Nicole LeDonna, our last finalist writes a story Beyond a Title

Beyond a title

by Nicole LeDonna

The oldest daughter, seventeen
On her back,
Kitchen table, spread legged,
Her mother and grandmother
Looking on in heavy black caftans,
Like the old Greek ladies on Ocean Parkway.
Your mother with a hanger,
A silver bowl of hot water
Beached white towel
Some utensils. Whisk? Knife? Baster?
I can do this – your mother says
I’ve done it before.
Or, did you make that up?
I’ve seen it done, more like.
What would you do
If you remembered this?
And, the red letters R A P E
Across your inner sky
Like a banner ad
Flying behind a glider over Rockaway Beach?
And, the dream of a chewed up snake
Like Wrigley’s gum rolled by tongue
Gnashed in regular bites?
Right before your thirtieth birthday
Right as the desire to get pregnant
Grabbed you by the corner of the inside
Of your mouth
Like a fish on a hook?
And, it’s then you know
Your child will not call your parents
Grandma, Grandpa.
How far would you swim
Out from the shore
Toward sanity
That watery concept?
Trusting no land
Grasping at
Possibility. The words that tell the the early story,
Over the top.
Words that make no sense
Need strong medicine.
They can be anything.
Fairy tales of spirits that guide,
Travel to other galaxies to find
true family.
Or the one about everything is better
When you are dead.
And, here now, behold,
The strangest tale of all.
The one that inhabits space with
The low, sodden thud
Of blood brown flesh
As it hits the bottom
Of a brown paper sack
The seepage a portent.
Every look back is a pillar of salt.
Telling old tales will only bring harm.
What will you make of the next step?
By force of will
Empty your mind
In this new, noiseless universe
Can you confess
That the beat of your heart
Each desire
Emanates like a small sea,
Where clear destination
Benefits from elemental and
Cooperative navigation?
The willingness to hear,
The courage to steer.

"...indistinguishably lie, dark sea, dark sky..." Stephen Crane
“…indistinguishably lie, dark sea, dark sky…” Stephen Crane

10 thoughts on “Nicole LeDonna, our last finalist writes a story Beyond a Title

  1. Parisianne Modert says:

    While the central content subject is clear to me; I am left with fractured phrase impressions, disjointed confusions and the vertigo of not being cohesive. Perhaps I got lost by what I perceived as not having continuity. Perhaps I felt thrown around unable to focus; while wondering what age and whom the young girl really was. There is beauty in phrases throughout, but I didn’t feel the connection between them enough to appreciate this entry as a whole.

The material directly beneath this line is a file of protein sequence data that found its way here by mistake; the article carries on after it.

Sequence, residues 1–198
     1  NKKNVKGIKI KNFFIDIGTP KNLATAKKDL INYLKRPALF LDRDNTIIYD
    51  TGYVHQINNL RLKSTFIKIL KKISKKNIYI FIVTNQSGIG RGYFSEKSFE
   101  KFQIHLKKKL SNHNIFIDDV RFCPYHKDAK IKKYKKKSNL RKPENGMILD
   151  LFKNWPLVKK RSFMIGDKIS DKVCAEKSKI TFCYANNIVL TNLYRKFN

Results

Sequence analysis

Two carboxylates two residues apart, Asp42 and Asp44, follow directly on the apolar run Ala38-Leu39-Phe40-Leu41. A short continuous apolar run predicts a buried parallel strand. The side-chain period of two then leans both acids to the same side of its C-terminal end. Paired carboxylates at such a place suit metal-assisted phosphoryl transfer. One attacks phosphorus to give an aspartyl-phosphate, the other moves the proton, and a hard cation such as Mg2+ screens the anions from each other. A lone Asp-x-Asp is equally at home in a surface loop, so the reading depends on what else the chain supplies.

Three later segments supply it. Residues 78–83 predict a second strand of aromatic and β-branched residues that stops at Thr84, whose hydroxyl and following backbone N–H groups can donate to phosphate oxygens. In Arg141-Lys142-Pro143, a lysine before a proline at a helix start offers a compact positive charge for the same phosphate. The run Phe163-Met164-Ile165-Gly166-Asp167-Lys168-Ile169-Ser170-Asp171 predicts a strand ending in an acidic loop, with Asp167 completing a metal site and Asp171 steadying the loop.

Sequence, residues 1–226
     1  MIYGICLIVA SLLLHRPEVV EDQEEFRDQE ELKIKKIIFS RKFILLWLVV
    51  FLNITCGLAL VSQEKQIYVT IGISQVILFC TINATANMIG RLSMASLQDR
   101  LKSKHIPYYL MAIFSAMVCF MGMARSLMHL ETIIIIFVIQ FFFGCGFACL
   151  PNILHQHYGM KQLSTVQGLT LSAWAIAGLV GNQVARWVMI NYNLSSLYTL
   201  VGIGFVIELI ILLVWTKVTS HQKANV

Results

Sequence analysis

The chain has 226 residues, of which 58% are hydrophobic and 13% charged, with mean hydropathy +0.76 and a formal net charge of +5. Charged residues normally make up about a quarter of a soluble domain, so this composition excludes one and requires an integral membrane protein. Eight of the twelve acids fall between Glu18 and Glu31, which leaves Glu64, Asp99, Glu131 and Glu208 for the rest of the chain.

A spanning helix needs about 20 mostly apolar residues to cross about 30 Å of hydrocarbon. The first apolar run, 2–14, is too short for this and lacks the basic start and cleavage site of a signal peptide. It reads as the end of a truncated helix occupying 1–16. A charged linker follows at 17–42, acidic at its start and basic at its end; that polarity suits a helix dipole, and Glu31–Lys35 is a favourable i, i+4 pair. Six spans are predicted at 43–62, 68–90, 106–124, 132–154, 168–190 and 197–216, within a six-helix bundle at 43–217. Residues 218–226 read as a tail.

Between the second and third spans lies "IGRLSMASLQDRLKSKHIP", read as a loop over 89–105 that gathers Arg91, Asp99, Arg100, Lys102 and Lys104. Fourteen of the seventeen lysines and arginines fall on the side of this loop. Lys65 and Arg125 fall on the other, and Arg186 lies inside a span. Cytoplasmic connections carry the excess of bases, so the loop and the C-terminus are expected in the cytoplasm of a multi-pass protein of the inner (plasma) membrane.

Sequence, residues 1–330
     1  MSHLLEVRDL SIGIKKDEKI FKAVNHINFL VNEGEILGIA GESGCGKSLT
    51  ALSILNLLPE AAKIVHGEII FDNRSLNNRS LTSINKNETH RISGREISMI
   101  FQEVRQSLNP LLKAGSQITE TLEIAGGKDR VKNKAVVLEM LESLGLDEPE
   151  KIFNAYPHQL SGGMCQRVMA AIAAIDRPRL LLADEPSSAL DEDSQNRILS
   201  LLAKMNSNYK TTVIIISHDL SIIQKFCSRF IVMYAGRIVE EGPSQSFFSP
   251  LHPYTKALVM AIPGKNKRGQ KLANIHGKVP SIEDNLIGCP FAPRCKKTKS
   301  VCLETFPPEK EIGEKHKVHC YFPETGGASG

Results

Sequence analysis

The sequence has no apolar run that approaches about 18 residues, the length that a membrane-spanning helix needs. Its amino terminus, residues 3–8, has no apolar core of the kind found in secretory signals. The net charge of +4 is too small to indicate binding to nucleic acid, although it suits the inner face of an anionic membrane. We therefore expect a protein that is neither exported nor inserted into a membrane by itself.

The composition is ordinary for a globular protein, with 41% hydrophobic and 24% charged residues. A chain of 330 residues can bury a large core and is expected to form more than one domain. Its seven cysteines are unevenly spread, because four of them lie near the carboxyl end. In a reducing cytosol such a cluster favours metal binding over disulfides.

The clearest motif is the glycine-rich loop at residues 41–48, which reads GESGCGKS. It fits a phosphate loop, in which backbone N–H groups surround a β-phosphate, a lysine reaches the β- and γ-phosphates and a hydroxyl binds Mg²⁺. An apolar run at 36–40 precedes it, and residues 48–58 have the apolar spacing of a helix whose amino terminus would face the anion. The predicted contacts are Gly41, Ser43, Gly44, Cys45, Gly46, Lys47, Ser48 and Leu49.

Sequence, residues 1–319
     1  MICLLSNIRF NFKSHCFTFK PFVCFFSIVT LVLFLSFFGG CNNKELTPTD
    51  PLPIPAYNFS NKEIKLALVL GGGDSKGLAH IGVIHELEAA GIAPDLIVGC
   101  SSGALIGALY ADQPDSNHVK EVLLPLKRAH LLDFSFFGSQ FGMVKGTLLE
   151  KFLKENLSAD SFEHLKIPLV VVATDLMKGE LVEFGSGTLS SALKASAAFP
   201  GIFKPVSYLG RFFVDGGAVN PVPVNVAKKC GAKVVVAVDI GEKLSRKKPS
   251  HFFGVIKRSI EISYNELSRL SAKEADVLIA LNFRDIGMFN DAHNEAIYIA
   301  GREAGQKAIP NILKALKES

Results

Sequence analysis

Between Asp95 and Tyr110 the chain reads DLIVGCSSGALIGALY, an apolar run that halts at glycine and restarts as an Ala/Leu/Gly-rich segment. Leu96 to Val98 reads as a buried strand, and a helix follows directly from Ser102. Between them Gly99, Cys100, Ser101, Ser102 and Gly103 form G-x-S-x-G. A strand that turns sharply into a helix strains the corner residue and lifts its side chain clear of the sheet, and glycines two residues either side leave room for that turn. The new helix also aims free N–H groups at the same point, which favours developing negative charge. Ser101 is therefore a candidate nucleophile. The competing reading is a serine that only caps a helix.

• Parisianne Modert says:

      Upon fifth or so reading, I am beginning to connect the dots and appreciate this poem better, but not completely. “Beyond a title” is raw emotions, scattered impressions, tragic outlook, visual brutality and murderous regrets which will leave scars for life from someone too young to be an adult whether 13 or 17. It is both over the top in actions taken and beneath the surface in thoughts seeping up from within. I would be interested to know if this poem was intended to be set before the Roe v Wade decision of 1973.

  2. Susan Brittain says:

    Nicole’s writing is real, angry and tragic but it challenges us to look at parts of life we keep tucked away in the closet or beneath the surface. Great job Nicole.

  3. kyle katz says:

    Nice Nicole. A hard subject to tackle and make the reader feels its importance. A poetic beauty. My only observation as a reader never having the pleasure of tasting your words is: some phrases ran away too soon off the page, feeling disjointed. I wanted the words to hold me in the palm of your hand…if for a second . Sort of like the white space in a painting. But I agree…I love your fierceness! Good luck Nicole.

  4. Michael says:

    Bravo! Nicole, if you feel itchy all over, can’t keep yourself from checking in? The cure is simple. Come back to us in the next contest. Your stories are interesting in front of a tour-de-force talent. Keep writing.

  5. Mac Eagan says:

    Too often, people draw the conclusions that a) any series of rhyming phrases constitutes “poetry” in the classic sense, or b) any series of non-rhyming phrases, a couple inches or so wide, stacked on top of each other constitutes “modern” poetry.
    There is so much more to writing good poetry (a gift I do not have) and you have achieved it here.

Leave a Reply

Your email address will not be published. Required fields are marked *

This site uses Akismet to reduce spam. Learn how your comment data is processed.